Chronic Fatigue & Fibromyalgia
Many patients with allergies complain of chronic fatigue and pain. They may have been given a formal diagnosis of Chronic Fatigue Syndrome, meaning unexplained fatigue for more than six months. Other patients with chronic pain can be diagnosed with fibromyalgia.
Hidden allergies can aggravate fatigue and fibromyalgia. Delayed reactions to food or mold allergies can aggravate fatigue and pain in certain people. Since the reactions to allergens are usually delayed and can take hours to develop, often the source of allergy is “hidden” to the patient.
Could fatigue and pain be related to your allergies? Here are some hints:
- Were you diagnosed with an allergy earlier in life?
- Does the fatigue and pain worsen seasonally or during any particular time of the year?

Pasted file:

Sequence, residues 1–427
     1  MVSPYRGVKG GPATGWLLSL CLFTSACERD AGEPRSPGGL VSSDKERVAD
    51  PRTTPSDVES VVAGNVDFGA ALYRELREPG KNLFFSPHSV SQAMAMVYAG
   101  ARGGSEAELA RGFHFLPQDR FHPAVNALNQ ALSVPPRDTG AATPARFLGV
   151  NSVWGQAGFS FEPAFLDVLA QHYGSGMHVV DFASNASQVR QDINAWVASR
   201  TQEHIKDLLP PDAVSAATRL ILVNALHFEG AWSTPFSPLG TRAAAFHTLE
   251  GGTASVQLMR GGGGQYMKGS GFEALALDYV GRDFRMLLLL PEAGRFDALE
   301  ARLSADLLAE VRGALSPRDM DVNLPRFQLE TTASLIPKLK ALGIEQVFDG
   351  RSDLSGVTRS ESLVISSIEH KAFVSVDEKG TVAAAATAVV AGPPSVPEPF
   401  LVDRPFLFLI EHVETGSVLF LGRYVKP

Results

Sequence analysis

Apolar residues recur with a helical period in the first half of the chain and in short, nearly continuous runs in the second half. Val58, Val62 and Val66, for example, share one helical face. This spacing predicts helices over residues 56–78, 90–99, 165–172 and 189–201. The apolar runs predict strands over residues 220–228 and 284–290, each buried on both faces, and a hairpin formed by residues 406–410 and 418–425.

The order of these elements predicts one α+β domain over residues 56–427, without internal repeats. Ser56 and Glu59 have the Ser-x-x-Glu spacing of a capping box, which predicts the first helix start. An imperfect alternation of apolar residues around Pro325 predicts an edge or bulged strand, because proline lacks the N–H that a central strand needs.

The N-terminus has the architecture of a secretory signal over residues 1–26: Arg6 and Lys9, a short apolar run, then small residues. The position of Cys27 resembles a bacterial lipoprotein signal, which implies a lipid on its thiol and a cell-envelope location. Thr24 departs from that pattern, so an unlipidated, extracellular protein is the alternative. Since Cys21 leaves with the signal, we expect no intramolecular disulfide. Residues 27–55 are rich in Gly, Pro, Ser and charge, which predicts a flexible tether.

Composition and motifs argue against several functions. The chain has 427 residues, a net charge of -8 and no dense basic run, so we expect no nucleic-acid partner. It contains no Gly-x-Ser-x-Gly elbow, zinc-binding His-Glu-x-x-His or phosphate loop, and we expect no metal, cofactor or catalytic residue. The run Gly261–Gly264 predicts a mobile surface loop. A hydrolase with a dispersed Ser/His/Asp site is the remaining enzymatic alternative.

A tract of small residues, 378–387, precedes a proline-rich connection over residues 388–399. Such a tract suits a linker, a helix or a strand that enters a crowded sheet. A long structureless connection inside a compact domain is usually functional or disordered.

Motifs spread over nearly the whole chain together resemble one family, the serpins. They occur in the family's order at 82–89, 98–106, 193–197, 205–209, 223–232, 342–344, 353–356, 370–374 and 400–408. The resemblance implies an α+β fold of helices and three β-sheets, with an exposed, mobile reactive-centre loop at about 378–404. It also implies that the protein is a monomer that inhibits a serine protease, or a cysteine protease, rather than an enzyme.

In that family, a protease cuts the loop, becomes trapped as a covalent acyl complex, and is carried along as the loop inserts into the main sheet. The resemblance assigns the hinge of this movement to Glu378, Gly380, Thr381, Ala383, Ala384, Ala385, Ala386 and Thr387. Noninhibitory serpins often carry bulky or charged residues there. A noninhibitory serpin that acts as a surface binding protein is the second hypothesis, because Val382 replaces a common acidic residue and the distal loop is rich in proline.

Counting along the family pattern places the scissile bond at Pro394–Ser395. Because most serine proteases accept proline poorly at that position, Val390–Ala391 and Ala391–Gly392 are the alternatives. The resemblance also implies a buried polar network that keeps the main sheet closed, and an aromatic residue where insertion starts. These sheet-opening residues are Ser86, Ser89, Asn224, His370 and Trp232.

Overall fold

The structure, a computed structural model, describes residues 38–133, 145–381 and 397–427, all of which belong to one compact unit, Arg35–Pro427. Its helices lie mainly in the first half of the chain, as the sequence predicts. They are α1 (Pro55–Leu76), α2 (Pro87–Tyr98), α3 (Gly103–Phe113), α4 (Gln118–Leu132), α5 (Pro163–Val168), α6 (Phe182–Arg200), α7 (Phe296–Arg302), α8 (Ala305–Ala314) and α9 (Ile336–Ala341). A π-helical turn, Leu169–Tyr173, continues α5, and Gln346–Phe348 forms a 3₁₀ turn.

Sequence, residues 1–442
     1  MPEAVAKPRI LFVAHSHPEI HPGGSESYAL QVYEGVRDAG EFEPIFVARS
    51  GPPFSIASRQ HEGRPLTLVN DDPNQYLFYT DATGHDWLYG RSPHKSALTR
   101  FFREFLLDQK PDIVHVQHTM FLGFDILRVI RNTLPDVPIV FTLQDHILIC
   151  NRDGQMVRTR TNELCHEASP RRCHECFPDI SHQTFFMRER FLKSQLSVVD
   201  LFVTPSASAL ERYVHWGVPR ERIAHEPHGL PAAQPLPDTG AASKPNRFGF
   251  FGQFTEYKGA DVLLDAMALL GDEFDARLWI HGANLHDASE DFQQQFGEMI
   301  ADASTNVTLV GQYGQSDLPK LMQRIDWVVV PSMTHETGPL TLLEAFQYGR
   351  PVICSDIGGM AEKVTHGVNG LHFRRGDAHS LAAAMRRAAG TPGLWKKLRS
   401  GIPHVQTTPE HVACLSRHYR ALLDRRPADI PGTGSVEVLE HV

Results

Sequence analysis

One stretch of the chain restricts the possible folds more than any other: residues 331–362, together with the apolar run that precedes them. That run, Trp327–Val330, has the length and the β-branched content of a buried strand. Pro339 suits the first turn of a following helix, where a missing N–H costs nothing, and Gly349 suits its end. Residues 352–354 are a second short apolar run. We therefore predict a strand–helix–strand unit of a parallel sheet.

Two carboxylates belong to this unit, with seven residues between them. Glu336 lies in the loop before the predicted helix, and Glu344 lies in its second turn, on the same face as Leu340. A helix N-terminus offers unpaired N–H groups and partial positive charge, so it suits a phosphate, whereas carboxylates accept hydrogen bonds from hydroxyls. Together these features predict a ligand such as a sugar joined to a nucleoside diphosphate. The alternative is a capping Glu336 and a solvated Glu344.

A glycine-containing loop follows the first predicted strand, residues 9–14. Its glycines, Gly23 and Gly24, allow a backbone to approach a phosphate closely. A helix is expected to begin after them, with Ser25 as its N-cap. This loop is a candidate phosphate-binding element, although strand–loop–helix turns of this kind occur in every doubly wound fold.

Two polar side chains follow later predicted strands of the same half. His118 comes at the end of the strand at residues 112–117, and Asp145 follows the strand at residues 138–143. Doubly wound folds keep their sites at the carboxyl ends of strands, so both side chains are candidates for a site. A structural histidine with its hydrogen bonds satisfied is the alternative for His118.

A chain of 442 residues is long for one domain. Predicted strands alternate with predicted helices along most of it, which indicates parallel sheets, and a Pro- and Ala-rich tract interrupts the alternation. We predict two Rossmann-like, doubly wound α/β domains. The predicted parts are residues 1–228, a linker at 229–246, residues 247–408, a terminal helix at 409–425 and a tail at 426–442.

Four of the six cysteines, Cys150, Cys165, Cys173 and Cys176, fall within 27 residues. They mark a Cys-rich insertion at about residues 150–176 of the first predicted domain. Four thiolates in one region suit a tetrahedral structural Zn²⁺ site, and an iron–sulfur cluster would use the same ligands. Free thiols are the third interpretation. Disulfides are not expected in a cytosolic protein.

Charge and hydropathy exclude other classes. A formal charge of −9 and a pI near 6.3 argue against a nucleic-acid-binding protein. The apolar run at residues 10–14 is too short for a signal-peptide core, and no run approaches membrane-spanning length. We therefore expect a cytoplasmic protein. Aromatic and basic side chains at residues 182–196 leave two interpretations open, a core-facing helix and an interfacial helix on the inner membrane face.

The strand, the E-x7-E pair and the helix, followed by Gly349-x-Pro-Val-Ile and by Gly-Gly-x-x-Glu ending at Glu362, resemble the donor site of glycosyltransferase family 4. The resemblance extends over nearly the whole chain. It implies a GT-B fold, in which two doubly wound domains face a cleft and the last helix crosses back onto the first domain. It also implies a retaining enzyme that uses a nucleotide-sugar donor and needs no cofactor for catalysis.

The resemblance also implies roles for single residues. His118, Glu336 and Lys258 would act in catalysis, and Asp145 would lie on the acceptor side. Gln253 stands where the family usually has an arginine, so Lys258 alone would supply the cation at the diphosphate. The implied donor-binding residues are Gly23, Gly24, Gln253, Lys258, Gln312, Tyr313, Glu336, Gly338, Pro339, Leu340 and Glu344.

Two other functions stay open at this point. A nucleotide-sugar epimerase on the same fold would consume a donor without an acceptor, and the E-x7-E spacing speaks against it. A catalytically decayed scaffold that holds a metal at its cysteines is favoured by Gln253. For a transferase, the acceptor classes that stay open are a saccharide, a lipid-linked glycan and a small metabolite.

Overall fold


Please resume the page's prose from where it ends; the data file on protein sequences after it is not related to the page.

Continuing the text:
- Does the fatigue and pain worsen or change with certain foods that you eat?
- Have you experienced fatigue or pain several hours after eating?
- Does the fatigue and pain worsen with certain chemical exposures, such as perfumes, disinfectants, or cigarette smoke?
- Does the fatigue and pain improve with a change in environment, such as when you leave work and home and go to another location?
- Do you have other allergy-related symptoms, such as sinus problems, or intestinal problems?
If you answered yes to a majority of these questions, then your fatigue or pain may be allergy related.
Specific skin and blood tests can be done to investigate this possibility. If hidden allergens are found and treated with sublingual immunotherapy and by avoiding offending inhalants or foods, many patients report improved health.